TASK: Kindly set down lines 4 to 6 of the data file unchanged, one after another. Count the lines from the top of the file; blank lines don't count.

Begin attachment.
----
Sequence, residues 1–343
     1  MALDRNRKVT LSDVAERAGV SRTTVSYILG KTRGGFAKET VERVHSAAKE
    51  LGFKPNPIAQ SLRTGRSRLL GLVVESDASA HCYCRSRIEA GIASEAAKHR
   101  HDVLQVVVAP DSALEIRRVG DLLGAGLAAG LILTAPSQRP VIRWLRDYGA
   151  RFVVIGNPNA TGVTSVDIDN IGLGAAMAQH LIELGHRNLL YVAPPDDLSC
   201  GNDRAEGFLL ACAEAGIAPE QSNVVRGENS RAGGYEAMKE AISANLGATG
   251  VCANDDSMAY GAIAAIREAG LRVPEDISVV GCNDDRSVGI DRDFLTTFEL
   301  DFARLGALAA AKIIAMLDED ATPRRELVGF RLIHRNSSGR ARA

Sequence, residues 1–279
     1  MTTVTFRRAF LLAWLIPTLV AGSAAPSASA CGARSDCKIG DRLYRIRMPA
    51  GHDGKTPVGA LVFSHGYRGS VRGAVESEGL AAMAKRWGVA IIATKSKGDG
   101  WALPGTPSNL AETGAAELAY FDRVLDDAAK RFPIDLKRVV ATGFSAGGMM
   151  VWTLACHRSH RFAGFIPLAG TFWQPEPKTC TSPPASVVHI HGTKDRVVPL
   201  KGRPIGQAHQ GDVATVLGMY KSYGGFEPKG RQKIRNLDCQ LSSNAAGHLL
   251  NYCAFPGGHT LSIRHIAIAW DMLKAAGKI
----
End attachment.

   101  HDVLQVVVAP DSALEIRRVG DLLGAGLAAG LILTAPSQRP VIRWLRDYGA
   151  RFVVIGNPNA TGVTSVDIDN IGLGAAMAQH LIELGHRNLL YVAPPDDLSC
   201  GNDRAEGFLL ACAEAGIAPE QSNVVRGENS RAGGYEAMKE AISANLGATG